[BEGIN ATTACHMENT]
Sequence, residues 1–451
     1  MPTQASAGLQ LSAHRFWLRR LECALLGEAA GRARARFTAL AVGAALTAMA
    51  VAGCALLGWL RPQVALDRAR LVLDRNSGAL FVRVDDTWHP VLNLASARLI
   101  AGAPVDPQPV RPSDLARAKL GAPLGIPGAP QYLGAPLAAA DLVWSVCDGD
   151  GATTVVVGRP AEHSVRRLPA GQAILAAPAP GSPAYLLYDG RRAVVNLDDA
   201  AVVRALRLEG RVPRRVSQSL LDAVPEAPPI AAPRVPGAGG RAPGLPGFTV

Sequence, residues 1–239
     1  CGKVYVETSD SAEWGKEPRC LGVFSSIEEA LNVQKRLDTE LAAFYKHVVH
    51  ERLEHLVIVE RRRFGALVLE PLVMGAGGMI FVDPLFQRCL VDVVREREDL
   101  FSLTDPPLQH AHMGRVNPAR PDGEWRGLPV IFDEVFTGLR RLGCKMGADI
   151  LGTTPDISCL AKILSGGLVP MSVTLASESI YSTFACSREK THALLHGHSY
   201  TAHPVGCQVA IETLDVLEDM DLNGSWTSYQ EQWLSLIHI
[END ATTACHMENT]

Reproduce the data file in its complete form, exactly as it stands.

Sequence, residues 1–451
     1  MPTQASAGLQ LSAHRFWLRR LECALLGEAA GRARARFTAL AVGAALTAMA
    51  VAGCALLGWL RPQVALDRAR LVLDRNSGAL FVRVDDTWHP VLNLASARLI
   101  AGAPVDPQPV RPSDLARAKL GAPLGIPGAP QYLGAPLAAA DLVWSVCDGD
   151  GATTVVVGRP AEHSVRRLPA GQAILAAPAP GSPAYLLYDG RRAVVNLDDA
   201  AVVRALRLEG RVPRRVSQSL LDAVPEAPPI AAPRVPGAGG RAPGLPGFTV

Sequence, residues 1–239
     1  CGKVYVETSD SAEWGKEPRC LGVFSSIEEA LNVQKRLDTE LAAFYKHVVH
    51  ERLEHLVIVE RRRFGALVLE PLVMGAGGMI FVDPLFQRCL VDVVREREDL
   101  FSLTDPPLQH AHMGRVNPAR PDGEWRGLPV IFDEVFTGLR RLGCKMGADI
   151  LGTTPDISCL AKILSGGLVP MSVTLASESI YSTFACSREK THALLHGHSY
   201  TAHPVGCQVA IETLDVLEDM DLNGSWTSYQ EQWLSLIHI